"Well, the Serious Literary Novel is," he amends. "The 'kidult boywizardsroman' is doing just fine." He mentions this as if it supports his original contention, as if the massive popularity of a series of books written for children is proof of the downfall of global literary culture.
I am so dreadfully bored of hearing Serious Literary Writers complain about Harry Potter (and children's literature in general, but for some reason Harry Potter seems to irk them in particular).
For one thing, it is boring to hear people who only sell some novels complain about people who sell many novels. As Roxane Gay says, James Franco did not get your book deal. J.K. Rowling did not steal your readers. Another writer's success is not your failure.
In fact, Great Man of Literature, another writer's success might actually be your success. To grow a lifelong reader, you need literature for a reader's entire life, which generally looks something like this: picture books to early readers to chapter books to middle grade novels to young adult literature to literary fiction. Baby's First Kafka aside, most of us don't graduate directly from picture books to Great Works of Literary Note. Middle grade and young adult literature -- and yes, that would include Harry Potter -- is the bridge that helps readers travel from The Cat in the Hat to Mrs. Dalloway.
And there is truly great children's literature out there, GMoL. Wait, remind me of your definition of Serious & Worthy Literature?
The capability words have when arranged sequentially to both mimic the free flow of human thought and investigate the physical expressions and interactions of thinking subjects; the way they may be shaped into a believable simulacrum of either the commonsensical world, or any number of invented ones; and the capability of the extended prose form itself, which, unlike any other art form, is able to enact self-analysis, to describe other aesthetic modes and even mimic them.So basically, Serious Literature uses words to help readers get inside the minds and hearts of fictional characters, to explore the ways those characters interact with each other, to describe settings that seem realistic and familiar or to create new worlds entirely, and occasionally goes all meta and comments on itself as an artform and/or describes other types of art.
Dude. Children's and young adult literature totally does that.
Beyond the astonishing fact that kidlit can indeed use words -- arranged sequentially, even -- to create characters who think and move and talk and feel and interact just like humans, so much so that readers grow to love them and celebrate their successes and suffer their losses (I myself am still in therapy over the devastating deaths of Old Dan & Little Ann, and my eighth graders wanted to sue Harper Lee for letting Tom Robinson die), children's literature can also -- and I know this is going to sound crazy -- use words to invent new worlds, like, oh... pick one at random... a magical world where wizards get to go to boarding school.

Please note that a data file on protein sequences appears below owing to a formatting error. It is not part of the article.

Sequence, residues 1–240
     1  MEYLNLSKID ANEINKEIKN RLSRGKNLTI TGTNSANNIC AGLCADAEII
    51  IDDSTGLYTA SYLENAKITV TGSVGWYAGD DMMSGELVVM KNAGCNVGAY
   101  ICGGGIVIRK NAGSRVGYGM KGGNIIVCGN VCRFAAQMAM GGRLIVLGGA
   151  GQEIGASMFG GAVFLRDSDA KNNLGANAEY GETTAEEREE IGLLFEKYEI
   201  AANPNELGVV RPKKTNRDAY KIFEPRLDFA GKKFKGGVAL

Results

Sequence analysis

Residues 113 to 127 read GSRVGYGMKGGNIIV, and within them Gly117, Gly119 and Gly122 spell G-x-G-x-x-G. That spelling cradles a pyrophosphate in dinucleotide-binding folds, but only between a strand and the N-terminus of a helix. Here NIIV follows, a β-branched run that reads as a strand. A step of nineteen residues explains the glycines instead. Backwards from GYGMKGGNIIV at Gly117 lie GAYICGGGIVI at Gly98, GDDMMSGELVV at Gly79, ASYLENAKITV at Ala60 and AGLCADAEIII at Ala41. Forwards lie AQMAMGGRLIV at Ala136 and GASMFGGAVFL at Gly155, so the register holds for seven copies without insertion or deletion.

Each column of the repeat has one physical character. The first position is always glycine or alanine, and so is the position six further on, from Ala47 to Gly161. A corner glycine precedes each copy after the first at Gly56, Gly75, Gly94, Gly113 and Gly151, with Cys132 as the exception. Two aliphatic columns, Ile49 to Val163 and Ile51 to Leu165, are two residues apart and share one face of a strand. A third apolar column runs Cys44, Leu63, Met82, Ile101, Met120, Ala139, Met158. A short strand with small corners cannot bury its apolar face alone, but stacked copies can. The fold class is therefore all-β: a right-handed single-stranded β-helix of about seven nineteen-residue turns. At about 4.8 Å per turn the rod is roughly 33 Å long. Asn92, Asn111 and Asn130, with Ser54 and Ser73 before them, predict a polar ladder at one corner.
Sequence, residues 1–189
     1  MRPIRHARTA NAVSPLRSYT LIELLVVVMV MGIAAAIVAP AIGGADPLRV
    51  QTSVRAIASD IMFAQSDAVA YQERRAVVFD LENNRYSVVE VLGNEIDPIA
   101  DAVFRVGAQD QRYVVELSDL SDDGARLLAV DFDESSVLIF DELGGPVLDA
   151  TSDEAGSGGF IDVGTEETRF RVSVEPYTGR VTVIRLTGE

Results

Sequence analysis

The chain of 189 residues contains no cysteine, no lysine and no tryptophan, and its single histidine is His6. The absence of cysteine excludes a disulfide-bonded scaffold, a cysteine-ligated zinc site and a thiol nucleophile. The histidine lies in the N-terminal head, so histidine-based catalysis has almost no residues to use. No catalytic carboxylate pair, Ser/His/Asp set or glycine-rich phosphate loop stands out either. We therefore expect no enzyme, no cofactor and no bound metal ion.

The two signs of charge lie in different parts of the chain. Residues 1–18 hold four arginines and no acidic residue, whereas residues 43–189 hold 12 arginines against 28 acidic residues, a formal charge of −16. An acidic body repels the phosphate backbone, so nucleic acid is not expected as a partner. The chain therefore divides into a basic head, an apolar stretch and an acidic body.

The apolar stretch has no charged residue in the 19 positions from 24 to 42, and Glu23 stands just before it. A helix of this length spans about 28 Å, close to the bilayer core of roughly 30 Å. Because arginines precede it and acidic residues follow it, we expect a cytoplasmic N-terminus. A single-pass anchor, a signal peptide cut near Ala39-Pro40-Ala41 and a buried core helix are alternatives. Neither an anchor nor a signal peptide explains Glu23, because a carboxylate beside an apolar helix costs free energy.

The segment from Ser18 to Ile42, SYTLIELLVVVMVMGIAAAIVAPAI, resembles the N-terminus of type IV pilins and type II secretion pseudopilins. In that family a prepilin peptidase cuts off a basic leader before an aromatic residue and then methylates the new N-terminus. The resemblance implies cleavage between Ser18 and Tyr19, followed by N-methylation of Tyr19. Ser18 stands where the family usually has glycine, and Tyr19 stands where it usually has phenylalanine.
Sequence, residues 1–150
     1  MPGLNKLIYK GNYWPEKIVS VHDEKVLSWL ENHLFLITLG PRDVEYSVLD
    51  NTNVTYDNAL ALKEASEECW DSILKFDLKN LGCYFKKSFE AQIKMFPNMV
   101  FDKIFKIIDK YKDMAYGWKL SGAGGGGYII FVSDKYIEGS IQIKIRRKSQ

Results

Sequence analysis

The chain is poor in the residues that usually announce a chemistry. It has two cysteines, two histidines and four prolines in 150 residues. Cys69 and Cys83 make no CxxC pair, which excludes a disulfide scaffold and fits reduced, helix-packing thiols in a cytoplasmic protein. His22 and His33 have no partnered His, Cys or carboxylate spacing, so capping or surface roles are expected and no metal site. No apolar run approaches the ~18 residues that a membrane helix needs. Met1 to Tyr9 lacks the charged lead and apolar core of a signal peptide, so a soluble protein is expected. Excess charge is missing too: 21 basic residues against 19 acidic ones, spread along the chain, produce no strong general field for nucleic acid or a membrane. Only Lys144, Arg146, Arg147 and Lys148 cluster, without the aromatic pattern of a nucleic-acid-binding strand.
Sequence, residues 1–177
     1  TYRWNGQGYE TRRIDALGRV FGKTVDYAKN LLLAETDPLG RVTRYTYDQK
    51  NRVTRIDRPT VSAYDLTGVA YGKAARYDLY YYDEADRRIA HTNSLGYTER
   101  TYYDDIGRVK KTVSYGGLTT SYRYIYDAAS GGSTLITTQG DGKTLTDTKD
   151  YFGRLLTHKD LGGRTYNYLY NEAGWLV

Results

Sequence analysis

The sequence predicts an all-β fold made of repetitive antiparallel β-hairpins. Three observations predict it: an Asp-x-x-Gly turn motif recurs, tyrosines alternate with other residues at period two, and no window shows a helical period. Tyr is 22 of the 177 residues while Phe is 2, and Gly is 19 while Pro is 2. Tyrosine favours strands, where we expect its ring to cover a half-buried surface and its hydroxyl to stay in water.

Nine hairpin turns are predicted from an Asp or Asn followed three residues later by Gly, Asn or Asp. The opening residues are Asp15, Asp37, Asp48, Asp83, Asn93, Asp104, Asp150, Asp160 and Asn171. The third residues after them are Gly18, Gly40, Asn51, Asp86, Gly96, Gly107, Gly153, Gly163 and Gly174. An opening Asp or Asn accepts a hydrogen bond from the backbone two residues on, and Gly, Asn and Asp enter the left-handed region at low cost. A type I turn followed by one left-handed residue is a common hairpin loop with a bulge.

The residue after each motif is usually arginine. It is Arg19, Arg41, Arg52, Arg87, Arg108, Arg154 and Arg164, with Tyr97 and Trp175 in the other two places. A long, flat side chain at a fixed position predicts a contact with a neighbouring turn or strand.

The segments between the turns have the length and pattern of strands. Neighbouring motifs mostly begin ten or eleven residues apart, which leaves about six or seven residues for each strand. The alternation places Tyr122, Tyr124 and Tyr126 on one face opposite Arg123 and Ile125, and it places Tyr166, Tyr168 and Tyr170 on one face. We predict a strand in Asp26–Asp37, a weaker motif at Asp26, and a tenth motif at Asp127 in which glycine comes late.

(And for the record, children's literature can also enact self-analysis.)
You want "difficult"? (We're not even going to unpack the idea that "difficult" is the same as "worthwhile.") Read Code Name Verity. The Astonishing Life of Octavian Nothing. When You Reach Me, for heaven's sake.
But look, even if you're staunchly opposed to the idea that books written for children could possibly qualify as Serious Literature, even if you cannot let go of the (imaginary) link between popularity and garbage (though ironically you seem to be arguing that the Serious Literary Novel is dead because not enough people read? But if more people read it, it wouldn't be Serious or Literary anymore? And also possibly no one has published a Real Serious Literary Novel since Finnegan's Wake in 1939 and every novel published in the last 75 years has been a "zombie novel" seriously, sir, WTF), even if you insist on mourning the Good Old Days when the Serious Literary Novel was at the center of the cultural consciousness, aka the twenty minutes between the rise of literacy rates due to increasingly widespread public secondary education in the early twentieth century and, you know, the apparent death of the novel in 1939 -- even given all that -- SO WHAT?
So what if people are reading about boy wizards? Or vampires? Or whatever popular thing is the current symbol of the downfall of literary culture? So what?
Readers are readers. Most folks who truly love reading will dive into all kinds of books, as long as they offer vivid, complex, interesting characters and a richly-drawn world and a compelling story. People read for all kinds of reasons -- to lose themselves, to explore other worlds, to amuse themselves on airplanes, to see what the fuss is all about, to fall in love, to study the craft of fiction. What do their reasons matter to you? That they're reading Gone Girl and not Ulysses on the train home says absolutely nothing about their worth or value as readers, thinkers, members of the culture, or humans.
So please stop complaining about Harry Potter.